Subsequently, if a high state of the scan signals is supplied to the scan lines (S1, S2 .  . . Sn-1, Sn), then the second transistor (M21) connected to the scan lines (S1, S2 .  . . Sn-1, Sn) will be turned OFF.  However, since the first-bit
digital data signal is stored in each capacitor (Cst), the first-bit digital data signal is continuously transmitted to the gate electrode of the first transistor (M11), and a current will continuously flow from a source to a drain of the first
transistor (M11).  At this time, the third transistor (M31) carries out a switching operation using the emission control signal (ES1), and the current, which flows from the source to the drain of the first transistor (M11), will be transmitted to the
OLED according to a frequency of the emission control signal (ES1).


As discussed above, the organic electroluminescence device (OLED) has a characteristic as shown in FIG. 4, wherein the brightness diminishes if the current is supplied with a high frequency, while the brightness increases if the current is
supplied with a low frequency and is passed through the organic electroluminescence device (OLED).  Accordingly, the organic electroluminescence device (OLED) emits light according to the frequency of the emission control signal (ES21) corresponding to
the first-bit digital data signal during a first subframe (SF1) period.  That is to say, the organic electroluminescence device (OLED) is not allowed to emit light if the digital data signal of the first bit is set to "1" (i.e., if turned OFF), and is
allowed to emit light with a brightness corresponding to "2.sup.0" gray level if the digital data signal of the first bit is set to "0" (i.e., turned ON).


Similarly, if a low state of the scan signals is supplied to each of the scan lines (S1, S2 .  . . Sn-1, Sn) in the second subframe (SF2) of the one frame, then the second transistor (M21) connected to each of the scan lines (S1, S2 .  . . Sn-1,
Sn) are sequently turned on.  At the same time, the emission control signal (ES2) is transmitted to a gate of the third transistor (M31) through the emission control line (En) so as to be synchronized with the low state of the scan signals.  Also, the
second-bit digital data signal (not shown) out of the n bits supplied as the data signals transmitted through the data line (Dm) is transmitted to the gate of each first transistor (M11).  Accordingly, each capacitor (Cst) stores a voltage difference of
a voltage of the second-bit digital signal and a voltage of the first power supply (ELVdd).


Subsequently, if a high state of the scan signals is supplied to the scan lines (S1, S2 .  . . Sn-1, Sn), then the second transistor (M21) will be turned OFF.  However, since the second-bit digital data signal is stored in each capacitor (Cst),
the second-bit digital data signal is continuously transmitted to the gate electrode of the first transistor (M11), and a current will continuously flow from a source to a drain of the first transistor (M11).  At this time, the third transistor (M31)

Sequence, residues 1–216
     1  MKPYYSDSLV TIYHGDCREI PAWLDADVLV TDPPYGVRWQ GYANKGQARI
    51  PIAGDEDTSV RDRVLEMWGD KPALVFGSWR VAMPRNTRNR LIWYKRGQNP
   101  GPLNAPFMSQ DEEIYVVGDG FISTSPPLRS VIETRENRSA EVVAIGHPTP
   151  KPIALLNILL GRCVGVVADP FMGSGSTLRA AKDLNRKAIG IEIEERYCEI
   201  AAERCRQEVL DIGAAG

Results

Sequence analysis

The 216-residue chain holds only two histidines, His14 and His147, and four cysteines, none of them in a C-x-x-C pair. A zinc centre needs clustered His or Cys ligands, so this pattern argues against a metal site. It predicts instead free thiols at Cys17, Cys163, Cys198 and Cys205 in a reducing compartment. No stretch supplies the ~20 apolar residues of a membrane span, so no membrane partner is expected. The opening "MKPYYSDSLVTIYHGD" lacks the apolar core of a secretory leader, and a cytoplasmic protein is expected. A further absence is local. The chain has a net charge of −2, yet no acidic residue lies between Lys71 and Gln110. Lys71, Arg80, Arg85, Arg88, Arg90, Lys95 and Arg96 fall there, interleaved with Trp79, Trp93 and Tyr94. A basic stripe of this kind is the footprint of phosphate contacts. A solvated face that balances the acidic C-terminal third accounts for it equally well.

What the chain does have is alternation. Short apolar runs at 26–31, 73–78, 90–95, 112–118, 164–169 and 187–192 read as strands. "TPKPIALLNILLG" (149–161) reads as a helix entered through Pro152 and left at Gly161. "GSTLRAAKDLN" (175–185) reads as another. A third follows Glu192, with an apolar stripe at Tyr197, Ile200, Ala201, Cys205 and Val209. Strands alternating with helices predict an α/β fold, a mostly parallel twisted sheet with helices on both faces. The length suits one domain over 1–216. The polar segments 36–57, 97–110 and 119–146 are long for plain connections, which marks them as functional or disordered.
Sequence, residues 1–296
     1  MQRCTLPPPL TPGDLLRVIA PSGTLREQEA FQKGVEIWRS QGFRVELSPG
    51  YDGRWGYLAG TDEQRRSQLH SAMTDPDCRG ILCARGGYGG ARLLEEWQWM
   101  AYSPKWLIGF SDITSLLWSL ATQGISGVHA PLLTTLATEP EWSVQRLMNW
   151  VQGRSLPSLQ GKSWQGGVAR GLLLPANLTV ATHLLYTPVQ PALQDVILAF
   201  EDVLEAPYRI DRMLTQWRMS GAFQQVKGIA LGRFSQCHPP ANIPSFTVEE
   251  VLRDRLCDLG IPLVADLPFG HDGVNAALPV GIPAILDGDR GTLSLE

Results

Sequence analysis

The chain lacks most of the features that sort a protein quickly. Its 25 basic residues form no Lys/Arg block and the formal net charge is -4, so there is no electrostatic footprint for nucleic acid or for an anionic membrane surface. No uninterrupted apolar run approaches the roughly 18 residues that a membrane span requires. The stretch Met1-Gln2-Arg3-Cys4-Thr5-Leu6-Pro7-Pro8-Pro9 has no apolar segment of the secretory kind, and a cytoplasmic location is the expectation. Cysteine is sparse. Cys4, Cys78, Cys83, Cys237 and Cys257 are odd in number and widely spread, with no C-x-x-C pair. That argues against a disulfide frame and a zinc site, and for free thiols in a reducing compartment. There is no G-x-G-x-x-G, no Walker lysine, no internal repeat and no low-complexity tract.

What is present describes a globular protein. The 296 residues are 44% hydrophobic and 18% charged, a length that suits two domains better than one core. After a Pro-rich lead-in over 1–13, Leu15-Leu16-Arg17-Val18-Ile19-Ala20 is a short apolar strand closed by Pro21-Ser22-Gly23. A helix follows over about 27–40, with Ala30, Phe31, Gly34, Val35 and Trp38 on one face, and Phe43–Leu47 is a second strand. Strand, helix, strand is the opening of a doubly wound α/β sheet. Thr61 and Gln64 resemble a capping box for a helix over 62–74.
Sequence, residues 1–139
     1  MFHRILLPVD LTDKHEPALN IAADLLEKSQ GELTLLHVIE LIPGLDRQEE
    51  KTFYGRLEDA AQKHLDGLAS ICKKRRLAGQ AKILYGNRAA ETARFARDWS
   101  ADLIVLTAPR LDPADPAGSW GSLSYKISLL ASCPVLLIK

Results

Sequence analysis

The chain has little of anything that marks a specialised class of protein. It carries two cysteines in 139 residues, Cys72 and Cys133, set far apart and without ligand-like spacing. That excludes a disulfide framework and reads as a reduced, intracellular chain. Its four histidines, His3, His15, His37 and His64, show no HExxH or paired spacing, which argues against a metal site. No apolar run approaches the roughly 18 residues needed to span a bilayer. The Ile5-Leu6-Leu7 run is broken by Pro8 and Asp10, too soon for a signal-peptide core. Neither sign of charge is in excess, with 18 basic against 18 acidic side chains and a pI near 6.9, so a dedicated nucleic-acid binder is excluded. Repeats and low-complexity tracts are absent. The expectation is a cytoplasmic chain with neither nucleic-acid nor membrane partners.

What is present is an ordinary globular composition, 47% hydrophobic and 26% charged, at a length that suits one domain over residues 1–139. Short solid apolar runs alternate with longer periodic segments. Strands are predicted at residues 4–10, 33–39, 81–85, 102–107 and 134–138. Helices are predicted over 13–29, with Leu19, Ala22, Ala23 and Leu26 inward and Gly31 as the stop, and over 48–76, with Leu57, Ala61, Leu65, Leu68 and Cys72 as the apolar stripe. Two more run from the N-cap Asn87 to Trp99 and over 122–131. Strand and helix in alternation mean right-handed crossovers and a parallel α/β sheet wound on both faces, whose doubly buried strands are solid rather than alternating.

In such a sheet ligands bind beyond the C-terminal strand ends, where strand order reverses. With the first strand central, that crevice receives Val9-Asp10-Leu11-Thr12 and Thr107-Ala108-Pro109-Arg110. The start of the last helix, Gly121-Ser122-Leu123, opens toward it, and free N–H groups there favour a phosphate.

carries out a switching operation using the emission control signal (ES2), and the current, which flows from the source to the drain of the first transistor (M11), will be transmitted to the OLED according to a frequency of the emission control signal
(ES2).


As discussed above, the organic electroluminescence device (OLED) has a characteristic as shown in FIG. 4, wherein the brightness diminishes if the current is supplied with a high frequency, while the brightness increases if the current is
supplied with a low frequency, and is passed through the organic electroluminescence device (OLED).  Accordingly, the organic electroluminescence device (OLED) emits light according to the frequency of the emission control signal (ES2) corresponding to
the second-bit digital data signal during a second subframe period (SF2).  That is, the organic electroluminescence device (OLED) is not allowed to emit the light if the digital data signal of the first bit is set to "1," and is allowed to emit the light
with a brightness corresponding to "2.sup.1" grey level if it is set to "0."


In the same manner, a current corresponding to the third-bit data signal will be transmitted to the OLED according to a frequency of the emission control signal (ES3), and therefore, the organic electroluminescence device (OLED) will emit light
with a brightness corresponding to any one of "0" or "2.sup.2" gray levels during a third subframe period in the third subframe (SF3) of the one frame, as described above.


Also, the same operation is carried out in each of the fourth subframe (SF4) to the n.sup.th subframe (SFn) of the one frame, and the current generated by the first transistor (M11) will be transmitted to the OLED according to a frequency of the
emission control signals (ES4 .  . . ESn), and therefore, the organic electroluminescence device (OLED) will emit light with a brightness corresponding to "0" or "2.sup.3" to "2.sup.n" gray levels.